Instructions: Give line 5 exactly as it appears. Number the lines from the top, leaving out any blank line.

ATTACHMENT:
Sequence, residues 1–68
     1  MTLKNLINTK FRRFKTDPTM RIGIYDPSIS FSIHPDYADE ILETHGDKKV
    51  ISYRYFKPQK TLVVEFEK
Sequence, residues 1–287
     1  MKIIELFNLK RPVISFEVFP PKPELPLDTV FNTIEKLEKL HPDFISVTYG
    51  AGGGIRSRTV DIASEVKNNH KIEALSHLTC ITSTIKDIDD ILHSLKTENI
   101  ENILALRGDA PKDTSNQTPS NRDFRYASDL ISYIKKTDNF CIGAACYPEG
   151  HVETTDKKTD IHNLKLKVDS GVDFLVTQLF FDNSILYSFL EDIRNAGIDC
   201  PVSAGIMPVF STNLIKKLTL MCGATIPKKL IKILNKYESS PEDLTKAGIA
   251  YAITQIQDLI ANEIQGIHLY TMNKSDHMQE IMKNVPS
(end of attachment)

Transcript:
     1  MKIIELFNLK RPVISFEVFP PKPELPLDTV FNTIEKLEKL HPDFISVTYG